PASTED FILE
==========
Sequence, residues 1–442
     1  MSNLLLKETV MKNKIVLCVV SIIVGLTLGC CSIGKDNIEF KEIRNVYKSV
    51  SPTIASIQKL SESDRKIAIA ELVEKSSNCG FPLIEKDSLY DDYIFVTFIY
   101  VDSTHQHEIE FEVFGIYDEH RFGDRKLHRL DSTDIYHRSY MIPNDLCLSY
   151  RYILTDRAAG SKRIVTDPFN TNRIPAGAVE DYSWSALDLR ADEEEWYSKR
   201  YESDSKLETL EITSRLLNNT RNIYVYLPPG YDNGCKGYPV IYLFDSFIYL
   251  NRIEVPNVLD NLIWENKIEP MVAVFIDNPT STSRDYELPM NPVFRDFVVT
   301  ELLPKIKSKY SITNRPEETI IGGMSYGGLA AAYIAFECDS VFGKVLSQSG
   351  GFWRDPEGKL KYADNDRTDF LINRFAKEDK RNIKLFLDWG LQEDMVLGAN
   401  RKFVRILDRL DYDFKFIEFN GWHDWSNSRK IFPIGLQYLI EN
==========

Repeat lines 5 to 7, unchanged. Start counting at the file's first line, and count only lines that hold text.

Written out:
   151  RYILTDRAAG SKRIVTDPFN TNRIPAGAVE DYSWSALDLR ADEEEWYSKR
   201  YESDSKLETL EITSRLLNNT RNIYVYLPPG YDNGCKGYPV IYLFDSFIYL
   251  NRIEVPNVLD NLIWENKIEP MVAVFIDNPT STSRDYELPM NPVFRDFVVT